NEWS, EVENTS and RESEARCH

  • Graduate Students, Anna Hommadova from United States of America


    Doctoral Program in International and Advanced Japanese Studies

    Voices of International Students


    Master's Degree Diploma

    I have completed my Masters and am now working on my Ph.D in the Graduate School of Humanities and Social Science at University of Tsukuba. My studies are sponsored by MEXT and my current research entails the study of cultural adjustment phases that Asian students go through while they study in rural U.S.. What I enjoy the most is the small classes, sometimes with only two or three students, and the individualized attention the professors give to each student regarding their research. However the best part of my student life is my adviser, without whom I would not have been able to gain even a small fraction of the knowledge I have now. I am always encouraged to think on my own, but when I struggled with theoretical saturation and the future direction of my research, he was always there with a helping hand. My advisor provided invaluable guidance during my fieldwork and when I struggled to get my first publication. When I found some abstract theory that very few scholars heard of, my adviser did not reject the idea of implementing it, but instead took the time to read about it himself before providing his opinion.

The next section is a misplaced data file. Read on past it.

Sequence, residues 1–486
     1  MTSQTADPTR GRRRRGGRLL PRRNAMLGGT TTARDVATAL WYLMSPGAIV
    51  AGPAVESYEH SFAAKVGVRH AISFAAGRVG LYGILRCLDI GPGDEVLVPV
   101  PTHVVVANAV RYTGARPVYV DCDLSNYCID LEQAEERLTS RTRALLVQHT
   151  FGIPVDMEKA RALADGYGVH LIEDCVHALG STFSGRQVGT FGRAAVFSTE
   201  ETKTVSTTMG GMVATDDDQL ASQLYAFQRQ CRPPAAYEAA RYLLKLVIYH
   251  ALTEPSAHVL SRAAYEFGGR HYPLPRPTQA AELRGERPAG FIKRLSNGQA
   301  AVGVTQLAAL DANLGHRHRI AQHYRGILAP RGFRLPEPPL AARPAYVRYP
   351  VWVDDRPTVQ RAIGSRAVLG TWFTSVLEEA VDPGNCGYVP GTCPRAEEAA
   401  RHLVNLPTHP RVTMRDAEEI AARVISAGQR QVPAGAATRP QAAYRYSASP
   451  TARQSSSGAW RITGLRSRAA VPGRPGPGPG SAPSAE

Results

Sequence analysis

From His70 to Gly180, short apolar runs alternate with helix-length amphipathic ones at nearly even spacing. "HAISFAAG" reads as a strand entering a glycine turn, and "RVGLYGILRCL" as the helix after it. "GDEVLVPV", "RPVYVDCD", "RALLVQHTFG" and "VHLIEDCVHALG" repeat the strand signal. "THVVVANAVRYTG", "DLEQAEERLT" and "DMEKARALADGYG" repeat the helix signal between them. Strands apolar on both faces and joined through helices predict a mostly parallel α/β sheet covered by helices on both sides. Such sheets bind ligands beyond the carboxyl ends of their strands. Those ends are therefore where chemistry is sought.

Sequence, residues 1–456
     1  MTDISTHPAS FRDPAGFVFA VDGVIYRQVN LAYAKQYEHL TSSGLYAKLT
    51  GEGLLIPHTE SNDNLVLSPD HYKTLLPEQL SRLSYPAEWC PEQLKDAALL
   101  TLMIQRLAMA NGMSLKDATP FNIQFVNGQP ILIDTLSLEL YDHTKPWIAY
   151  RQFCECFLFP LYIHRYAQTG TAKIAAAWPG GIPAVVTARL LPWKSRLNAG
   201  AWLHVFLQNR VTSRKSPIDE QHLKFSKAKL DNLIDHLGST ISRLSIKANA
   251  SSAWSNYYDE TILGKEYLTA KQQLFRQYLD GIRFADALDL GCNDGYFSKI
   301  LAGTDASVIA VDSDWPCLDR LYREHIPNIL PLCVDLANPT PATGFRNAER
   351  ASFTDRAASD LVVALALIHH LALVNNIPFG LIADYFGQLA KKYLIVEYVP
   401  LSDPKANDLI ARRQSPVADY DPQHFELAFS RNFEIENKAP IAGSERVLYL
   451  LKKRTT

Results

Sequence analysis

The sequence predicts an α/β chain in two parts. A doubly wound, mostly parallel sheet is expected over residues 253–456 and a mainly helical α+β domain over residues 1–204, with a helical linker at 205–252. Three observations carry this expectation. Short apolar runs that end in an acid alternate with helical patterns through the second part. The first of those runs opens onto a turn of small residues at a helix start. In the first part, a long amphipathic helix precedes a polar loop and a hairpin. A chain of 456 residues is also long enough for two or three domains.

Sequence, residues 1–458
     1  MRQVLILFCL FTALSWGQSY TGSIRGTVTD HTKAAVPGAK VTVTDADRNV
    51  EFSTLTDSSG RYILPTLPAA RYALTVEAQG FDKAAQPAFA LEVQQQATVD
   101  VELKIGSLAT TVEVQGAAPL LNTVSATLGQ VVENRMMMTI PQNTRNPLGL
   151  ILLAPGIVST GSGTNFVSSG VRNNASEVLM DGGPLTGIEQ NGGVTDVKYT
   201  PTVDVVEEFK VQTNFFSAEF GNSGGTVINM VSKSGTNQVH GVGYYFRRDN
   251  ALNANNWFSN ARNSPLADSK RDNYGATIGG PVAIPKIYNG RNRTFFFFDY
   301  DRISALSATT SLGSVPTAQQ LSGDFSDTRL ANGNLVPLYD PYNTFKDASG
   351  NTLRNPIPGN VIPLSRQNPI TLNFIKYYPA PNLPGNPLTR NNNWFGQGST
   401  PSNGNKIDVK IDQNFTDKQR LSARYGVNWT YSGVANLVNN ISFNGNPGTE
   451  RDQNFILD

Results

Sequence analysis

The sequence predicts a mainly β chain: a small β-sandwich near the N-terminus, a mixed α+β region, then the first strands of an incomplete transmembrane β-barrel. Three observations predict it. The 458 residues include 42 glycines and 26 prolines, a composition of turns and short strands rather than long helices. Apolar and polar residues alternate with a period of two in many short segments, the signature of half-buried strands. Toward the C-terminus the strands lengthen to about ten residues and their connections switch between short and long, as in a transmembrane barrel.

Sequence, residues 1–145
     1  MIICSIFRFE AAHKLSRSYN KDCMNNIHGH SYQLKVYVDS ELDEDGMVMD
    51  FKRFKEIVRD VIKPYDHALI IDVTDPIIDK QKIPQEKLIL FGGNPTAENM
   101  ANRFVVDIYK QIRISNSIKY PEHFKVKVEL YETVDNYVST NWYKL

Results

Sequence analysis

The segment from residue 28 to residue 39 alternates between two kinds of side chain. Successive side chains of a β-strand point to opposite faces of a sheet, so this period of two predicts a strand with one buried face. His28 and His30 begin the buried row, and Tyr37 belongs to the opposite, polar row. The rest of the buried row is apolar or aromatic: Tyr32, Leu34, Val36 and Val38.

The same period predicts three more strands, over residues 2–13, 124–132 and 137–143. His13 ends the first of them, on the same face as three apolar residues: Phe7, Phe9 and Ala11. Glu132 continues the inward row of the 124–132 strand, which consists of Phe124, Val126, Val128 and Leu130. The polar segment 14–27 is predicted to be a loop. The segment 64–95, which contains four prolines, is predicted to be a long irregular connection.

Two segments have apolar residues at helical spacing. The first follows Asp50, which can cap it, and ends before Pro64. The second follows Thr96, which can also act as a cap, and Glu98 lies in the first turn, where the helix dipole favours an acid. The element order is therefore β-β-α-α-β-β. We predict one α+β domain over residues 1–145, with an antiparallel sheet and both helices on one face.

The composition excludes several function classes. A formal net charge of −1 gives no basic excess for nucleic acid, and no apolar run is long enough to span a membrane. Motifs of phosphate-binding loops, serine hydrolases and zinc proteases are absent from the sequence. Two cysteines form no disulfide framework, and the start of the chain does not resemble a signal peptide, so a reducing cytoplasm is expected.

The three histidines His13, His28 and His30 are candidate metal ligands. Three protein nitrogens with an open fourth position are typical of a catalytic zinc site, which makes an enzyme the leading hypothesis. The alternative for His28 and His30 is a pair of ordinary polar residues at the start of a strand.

My life at University of Tsukuba has been always serene and invigorating at the same time. Riding the bicycle through the campus is extremely peaceful especially on the weekends. Our laboratory is accessible 24 hours a day, and being able to use the facilities at any time has definitely been great. One of the most rewarding experiences was meeting fellow researchers from around the world. I have made friends from China, Russia, Central Asia, many parts of Europe and South America. Although some of these students have graduated and went back to their home countries, they often send me links to conferences in their area and invite me to stay at their homes.

    The only negative thing is that there are very few American graduate students and at times when I was homesick, there was no one I could talk to about missing eating carrot cake or going to Renaissance Festivals. I sincerely hope more American students would take advantage of studying at University of Tsukuba. My advice would be to first, find a professor who is a good match as an adviser, then try to participate in as many conferences as possible, and finally getting a good roommate really contributes positively to a lively life and ones research.

    At Mt. Fuji

    At Mt. Tsukuba with plum (Ume) blossoms

    While traveling in Japan

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